A Review of Alan Taylor’s American Republics: A Continental History of the United States, 1783-1850 (New York: W.W. Norton, 2021).
This bleak and brilliant book offers a history of the antebellum United States in the wider context of its North American neighbours. That story, for Alan Taylor, was dominated by three processes: the westward expansion of American settlement at the expense of indigenous and black peoples; the increasingly ironic, if not toxic, impact of the American notion of democracy, particularly as conceived by white nationalists, on the dream of a more perfect nation; and the growing fragility of the federal union itself. This is a story that will also be of interest to historians of pre-Confederation Canada and of Mexico – both of which, of course, were shaped in reaction to the blood-stained and often chaotic growth of the United States.
Reduced to such basic terms, the narrative unfolded in American Republics may sound tediously didactic, but Taylor is far too fine a storyteller to fall into the trap of telling rather than showing. As the historian George Dangerfield pointed out years ago, antebellum America was dominated by characters who possessed “personalities [that] were very strong and very brilliant”.[i] Taylor brings those extraordinary people to life with deft sketches, though with a critical spirit informed by the latest academic literature on the period. Take, for example, Taylor’s approach to one of the dominant politicians of the early-nineteenth-century republic: Andrew Jackson. In the view of Dangerfield and Jackson’s most thorough modern biographer, Robert Remini, that president was best seen as a brash champion of popular democracy.[ii] Many contemporaries felt the same way. The novelist Herman Melville, for one, wrote ecstatically in his 1851 novel Moby-Dick about the “great democratic God” picking up “Andrew Jackson from the pebbles” and thundering “him higher than a throne!”[iii] In American Republics, however, Jackson appears as more of a monster than a hero. With cool precision, Taylor lays out his case, pointing out how the president pursued a policy that led to the dispossession of indigenous groups, how he sought to smash the efforts of abolitionists, and how he destabilized the American economy through his campaign to bring down the Second Bank of the United States. This record of reckless populism sounds like a more recent occupant of the White House. And Taylor himself cannot resist such comparisons at different points in his narrative. For instance, he notes that, in the run up to his war with Mexico, President James K. Polk promised to seize California to shift the cost of American aggression onto the shoulders of a debt-ridden Mexican state. “We have a long tradition of presidents seeking to make Mexico pay for American ambitions,” Taylor wryly concludes (332).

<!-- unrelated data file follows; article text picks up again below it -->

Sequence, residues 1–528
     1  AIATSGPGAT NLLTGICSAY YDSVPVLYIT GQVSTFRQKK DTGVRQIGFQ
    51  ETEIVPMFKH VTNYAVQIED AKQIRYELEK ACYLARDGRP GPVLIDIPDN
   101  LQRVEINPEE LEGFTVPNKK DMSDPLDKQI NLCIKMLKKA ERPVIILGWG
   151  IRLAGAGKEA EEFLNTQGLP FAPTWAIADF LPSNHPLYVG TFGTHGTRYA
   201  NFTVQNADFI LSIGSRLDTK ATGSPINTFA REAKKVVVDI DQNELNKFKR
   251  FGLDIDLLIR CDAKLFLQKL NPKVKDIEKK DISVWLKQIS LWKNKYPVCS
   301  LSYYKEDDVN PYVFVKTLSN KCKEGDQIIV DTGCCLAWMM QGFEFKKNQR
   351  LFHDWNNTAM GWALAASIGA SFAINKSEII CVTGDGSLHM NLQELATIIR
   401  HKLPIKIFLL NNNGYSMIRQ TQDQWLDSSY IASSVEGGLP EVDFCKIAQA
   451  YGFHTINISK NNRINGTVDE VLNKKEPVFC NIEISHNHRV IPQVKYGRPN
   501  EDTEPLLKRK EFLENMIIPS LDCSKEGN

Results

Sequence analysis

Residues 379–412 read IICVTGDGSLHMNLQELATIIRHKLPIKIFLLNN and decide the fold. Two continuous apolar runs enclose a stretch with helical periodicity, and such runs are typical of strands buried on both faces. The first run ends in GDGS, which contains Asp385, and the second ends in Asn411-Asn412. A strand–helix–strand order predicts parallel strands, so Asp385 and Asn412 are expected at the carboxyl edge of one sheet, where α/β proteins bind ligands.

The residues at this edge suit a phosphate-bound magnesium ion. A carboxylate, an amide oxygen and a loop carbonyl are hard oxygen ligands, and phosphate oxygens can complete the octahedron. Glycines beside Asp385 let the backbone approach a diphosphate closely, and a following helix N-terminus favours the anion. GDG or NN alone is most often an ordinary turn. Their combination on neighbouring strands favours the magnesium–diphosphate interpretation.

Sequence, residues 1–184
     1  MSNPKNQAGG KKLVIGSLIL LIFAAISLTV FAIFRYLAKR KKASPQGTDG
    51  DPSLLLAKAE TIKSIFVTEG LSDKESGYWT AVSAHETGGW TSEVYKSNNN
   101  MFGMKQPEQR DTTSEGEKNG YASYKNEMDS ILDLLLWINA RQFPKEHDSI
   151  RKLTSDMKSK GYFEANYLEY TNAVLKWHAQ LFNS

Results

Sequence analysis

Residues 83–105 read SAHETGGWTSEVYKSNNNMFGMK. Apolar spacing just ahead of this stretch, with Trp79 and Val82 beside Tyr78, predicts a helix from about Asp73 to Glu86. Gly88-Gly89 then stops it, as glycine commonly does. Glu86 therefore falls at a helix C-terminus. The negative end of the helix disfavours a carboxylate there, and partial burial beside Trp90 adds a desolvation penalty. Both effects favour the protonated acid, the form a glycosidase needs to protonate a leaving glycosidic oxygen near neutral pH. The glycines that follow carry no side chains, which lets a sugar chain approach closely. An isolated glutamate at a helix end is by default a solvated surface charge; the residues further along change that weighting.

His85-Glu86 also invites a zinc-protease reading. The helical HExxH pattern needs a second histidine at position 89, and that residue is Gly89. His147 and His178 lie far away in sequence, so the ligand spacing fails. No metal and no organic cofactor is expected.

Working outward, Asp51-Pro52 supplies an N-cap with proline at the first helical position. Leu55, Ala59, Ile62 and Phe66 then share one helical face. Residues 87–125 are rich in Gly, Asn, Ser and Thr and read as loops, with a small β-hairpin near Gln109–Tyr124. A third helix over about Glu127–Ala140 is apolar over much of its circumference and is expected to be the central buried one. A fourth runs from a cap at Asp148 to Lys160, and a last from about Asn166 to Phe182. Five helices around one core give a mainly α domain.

But, as I have already noted, one of the main narrative threads knitting together American Republics involves the bloody expansion of the United States at the expense of any group that seemed to get in the way of the dream of a white nation. Taylor’s continent-spanning approach to that story allows him to rethink some key events in interesting and important ways. Take, for example, his account of the War of 1812. It is probably fair to say that most Canadian historians view that conflict as an overwhelmingly northern affair. Not so, argues Taylor – the battles that took place along the St. Lawrence and the Great Lakes are more accurately seen as episodes in a much larger “War of the 1810s” “that erupted in 1810 and persisted until 1819, primarily on America’s southwestern frontier” (135-6). That conflict, in turn, was part of a decades-long effort on the part of American politicians to secure the borders of the union from British and Spanish interference. This urge to practice what Taylor terms “defensive imperialism” (327) was felt most strongly among southern slave owners, who feared the flight or revolt of their ‘property’ at the urging of foreign foes. This is not to say that Taylor reduces the American invasions of Lower and Upper Canada, and British attacks on the United States by land and sea, into mere sideshows. Those campaigns, like any major military incursions past or present, were devastating for any people who had the misfortune of finding themselves at the sharp end.